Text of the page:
It is day two of the new year and I’m not sure if I’m failing at my resolutions. It’s hard to tell.
Three days ago I told myself a story of another me that I’d approve of more, and likely ways I could become it. You can imagine the list – everyone is tempted by at least one of the following: plans of actions (e.g. exercise, eating vegetables, not yelling at one’s children), deleting unwanted life props (cigarettes, alcohol, debt, belly), and vague feel-good inclinations (trying new things, spending more time with family and friends, enjoying each moment). So, as I was writing this future story of myself and numbering the bullet points, I had a moment of aesthetic disgust. Why should we always be writing the stories of future self in this terrible, pseudo-scientific prose (the hypothesis being that if I exercise, don’t smoke, and enjoy each moment (whatever that means), then I’d be… what? Healthy? Better? Perfect?) Instead, I tried to summon up a feeling, that feeling of perfect that we all sometimes wade into, no matter our smoking, belly, or debt, and then wrote a line to remind me of it. (Do a couplet, if you’d like). Now, the line makes no sense to anyone but me. It is my secret paper-plane that delivers me to the door of that feeling. Sometimes the door is open and sometimes it’s closed. Sometimes I forget I have a line.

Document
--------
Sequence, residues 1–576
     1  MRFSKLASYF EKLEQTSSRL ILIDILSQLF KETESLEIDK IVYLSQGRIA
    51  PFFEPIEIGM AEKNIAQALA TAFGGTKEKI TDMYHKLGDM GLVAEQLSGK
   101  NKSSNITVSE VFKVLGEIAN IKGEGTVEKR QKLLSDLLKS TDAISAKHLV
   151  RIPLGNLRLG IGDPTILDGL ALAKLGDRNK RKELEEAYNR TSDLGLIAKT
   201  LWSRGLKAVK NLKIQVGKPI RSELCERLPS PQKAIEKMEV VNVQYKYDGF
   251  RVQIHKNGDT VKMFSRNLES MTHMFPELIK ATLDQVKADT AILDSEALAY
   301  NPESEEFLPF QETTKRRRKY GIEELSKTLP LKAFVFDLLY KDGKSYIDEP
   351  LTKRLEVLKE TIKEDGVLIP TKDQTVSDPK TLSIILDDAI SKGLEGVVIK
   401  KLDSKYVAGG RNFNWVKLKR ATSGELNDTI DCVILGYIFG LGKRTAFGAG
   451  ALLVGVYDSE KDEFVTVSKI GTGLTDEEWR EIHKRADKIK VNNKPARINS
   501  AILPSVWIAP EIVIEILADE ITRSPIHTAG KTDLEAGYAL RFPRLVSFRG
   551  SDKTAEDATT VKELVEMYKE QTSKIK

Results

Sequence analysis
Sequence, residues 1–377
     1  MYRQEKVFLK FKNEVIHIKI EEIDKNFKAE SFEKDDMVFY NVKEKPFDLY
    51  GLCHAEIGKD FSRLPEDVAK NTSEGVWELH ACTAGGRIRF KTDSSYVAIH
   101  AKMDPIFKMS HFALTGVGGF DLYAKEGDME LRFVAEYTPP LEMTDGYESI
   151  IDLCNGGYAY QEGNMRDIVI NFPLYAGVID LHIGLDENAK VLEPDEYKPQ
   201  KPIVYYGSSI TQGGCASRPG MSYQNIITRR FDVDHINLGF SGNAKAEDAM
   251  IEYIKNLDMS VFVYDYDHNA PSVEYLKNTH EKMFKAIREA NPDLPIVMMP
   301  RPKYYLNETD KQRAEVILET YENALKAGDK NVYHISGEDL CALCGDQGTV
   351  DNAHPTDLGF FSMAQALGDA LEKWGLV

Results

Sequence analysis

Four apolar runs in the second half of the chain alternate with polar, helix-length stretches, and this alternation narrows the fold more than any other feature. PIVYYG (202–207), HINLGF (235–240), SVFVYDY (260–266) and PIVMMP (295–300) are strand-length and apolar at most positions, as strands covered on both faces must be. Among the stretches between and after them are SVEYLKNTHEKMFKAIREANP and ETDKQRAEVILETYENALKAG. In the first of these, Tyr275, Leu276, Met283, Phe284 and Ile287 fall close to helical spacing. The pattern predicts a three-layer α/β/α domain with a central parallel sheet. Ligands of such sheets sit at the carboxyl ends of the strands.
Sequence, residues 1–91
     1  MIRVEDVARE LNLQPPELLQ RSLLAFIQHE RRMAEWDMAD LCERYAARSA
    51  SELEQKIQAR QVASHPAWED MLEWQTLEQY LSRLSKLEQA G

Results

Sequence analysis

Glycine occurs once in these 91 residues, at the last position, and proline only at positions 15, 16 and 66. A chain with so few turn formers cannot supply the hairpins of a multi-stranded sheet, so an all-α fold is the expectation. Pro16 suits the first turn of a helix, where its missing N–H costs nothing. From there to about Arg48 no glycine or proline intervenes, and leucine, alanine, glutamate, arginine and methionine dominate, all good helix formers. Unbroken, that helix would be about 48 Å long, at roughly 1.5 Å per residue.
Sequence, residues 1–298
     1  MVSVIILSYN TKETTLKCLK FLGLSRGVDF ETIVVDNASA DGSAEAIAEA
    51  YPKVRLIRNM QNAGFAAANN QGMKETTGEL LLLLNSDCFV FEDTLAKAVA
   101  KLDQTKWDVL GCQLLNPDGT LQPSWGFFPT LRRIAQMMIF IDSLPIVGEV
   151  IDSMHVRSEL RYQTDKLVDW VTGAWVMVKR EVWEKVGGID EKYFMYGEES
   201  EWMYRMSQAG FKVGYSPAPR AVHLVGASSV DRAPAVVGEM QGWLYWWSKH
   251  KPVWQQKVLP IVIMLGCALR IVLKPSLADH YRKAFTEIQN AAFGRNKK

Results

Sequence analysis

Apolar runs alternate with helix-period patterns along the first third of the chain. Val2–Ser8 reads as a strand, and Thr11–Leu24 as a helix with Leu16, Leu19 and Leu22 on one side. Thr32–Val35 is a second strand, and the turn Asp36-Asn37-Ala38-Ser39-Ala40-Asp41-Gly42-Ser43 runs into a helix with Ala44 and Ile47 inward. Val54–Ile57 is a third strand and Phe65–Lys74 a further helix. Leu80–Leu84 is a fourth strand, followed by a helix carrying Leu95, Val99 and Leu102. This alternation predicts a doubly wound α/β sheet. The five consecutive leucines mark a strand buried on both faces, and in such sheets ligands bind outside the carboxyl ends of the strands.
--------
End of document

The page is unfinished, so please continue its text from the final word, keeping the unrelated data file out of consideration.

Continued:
I know for some of you this seems unwise. After all, how could you verify whether you are keeping your resolve? How would you know if you failed? You wouldn’t, I’m afraid. If all this makes you itchy for a list, please embrace the bullet points. As for me, I’ll keep my line handy, and do whatever takes me through that door. I’ll see how it goes this year. If it doesn’t work, there’s always next year to fail at being imaginary perfect me.